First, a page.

Symptoms of seizures

The symptoms of seizures in Dachshunds can vary depending on the type and severity of the seizure. Common signs of seizures may include involuntary muscle contractions, loss of consciousness, drooling, foaming at the mouth, confusion, disorientation, urination or defecation, and repetitive behaviors. It is important to note that while seizures can be frightening to witness, they are usually not painful for the dog. If you suspect your Dachshund is having a seizure, it is important to remain calm and provide a safe environment.

Prevalence of Seizures in Dachshunds

Research and studies

While exact statistics on the prevalence of seizures in Dachshunds are limited, studies have indicated that Dachshunds may be at a higher risk compared to some other breeds. One study conducted in the United Kingdom found that Dachshunds had a higher incidence of seizures compared to Labrador Retrievers. However, more research is needed to fully understand the prevalence and risk factors associated with seizures in Dachshunds.

Genetic predisposition

Genetics is believed to play a role in the development of seizures in Dachshunds. Certain genetic mutations or abnormalities may make Dachshunds more susceptible to seizures. Responsible breeders take this into consideration and strive to breed from healthy bloodlines with a lower risk of genetic disorders, including seizures.

Environmental factors

In addition to genetic predisposition, environmental factors can also contribute to the development of seizures in Dachshunds. Exposure to certain toxins, such as pesticides or household chemicals, can increase the risk of seizures. Stress, changes in routine, or trauma can also trigger seizures in susceptible dogs. Providing a stable and safe environment for your Dachshund is crucial to their overall well-being and seizure prevention.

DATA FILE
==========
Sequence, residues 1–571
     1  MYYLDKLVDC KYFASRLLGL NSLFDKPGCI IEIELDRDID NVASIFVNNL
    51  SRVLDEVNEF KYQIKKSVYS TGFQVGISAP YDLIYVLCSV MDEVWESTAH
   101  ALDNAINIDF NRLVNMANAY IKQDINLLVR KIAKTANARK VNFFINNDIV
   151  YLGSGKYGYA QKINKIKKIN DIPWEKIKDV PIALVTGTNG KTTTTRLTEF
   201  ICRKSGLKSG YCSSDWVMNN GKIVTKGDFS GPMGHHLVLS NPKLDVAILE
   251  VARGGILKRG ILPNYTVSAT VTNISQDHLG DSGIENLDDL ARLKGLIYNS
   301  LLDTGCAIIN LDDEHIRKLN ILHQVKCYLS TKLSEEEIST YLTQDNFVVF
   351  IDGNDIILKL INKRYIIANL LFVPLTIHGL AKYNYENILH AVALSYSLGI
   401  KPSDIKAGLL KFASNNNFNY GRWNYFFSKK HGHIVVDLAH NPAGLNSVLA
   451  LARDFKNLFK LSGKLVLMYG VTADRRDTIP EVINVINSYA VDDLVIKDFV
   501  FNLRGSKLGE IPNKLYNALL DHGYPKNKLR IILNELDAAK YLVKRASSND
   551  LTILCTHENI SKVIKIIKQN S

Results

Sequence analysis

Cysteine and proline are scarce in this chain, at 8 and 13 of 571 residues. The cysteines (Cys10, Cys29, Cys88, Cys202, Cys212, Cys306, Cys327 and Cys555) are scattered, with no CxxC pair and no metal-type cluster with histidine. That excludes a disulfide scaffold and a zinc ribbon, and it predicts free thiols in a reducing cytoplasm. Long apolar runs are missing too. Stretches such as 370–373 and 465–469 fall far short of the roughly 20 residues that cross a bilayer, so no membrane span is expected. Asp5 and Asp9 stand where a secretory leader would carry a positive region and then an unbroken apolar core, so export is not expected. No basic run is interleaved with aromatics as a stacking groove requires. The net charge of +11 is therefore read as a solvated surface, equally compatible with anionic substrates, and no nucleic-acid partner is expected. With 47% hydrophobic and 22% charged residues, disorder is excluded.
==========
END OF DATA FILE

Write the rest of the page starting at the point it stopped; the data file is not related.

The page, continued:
Recognizing Seizures in Dachshunds

Visible signs and behaviors

Recognizing seizures in Dachshunds can be challenging, especially if you have never witnessed a seizure before. During a seizure, your Dachshund may exhibit visible signs such as muscle twitching, shaking, or convulsions. They may also display abnormal behaviors like pacing, circling, or staring into space. It is essential to pay attention to these signs and report them to your veterinarian if you suspect your Dachshund is experiencing seizures.

Differentiating seizures from other conditions

Sometimes, certain behaviors displayed by Dachshunds may be mistaken for seizures when they are actually due to other medical conditions. For example, fainting episodes, called syncope, can mimic seizures but have different causes. Seizure-like behaviors can also be a symptom of low blood sugar levels or vestibular disease. Consulting with a veterinarian is the best way to determine whether your Dachshund is experiencing seizures or another medical issue.

Keeping seizure journals

If you suspect your Dachshund is prone to seizures, it can be helpful to keep a seizure journal to track the episodes. Record the date, time, duration, and characteristics of each seizure. Note any potential triggers, such as changes in routine or exposure to certain stimuli. This information can assist your veterinarian in diagnosing and developing an appropriate treatment plan for your Dachshund.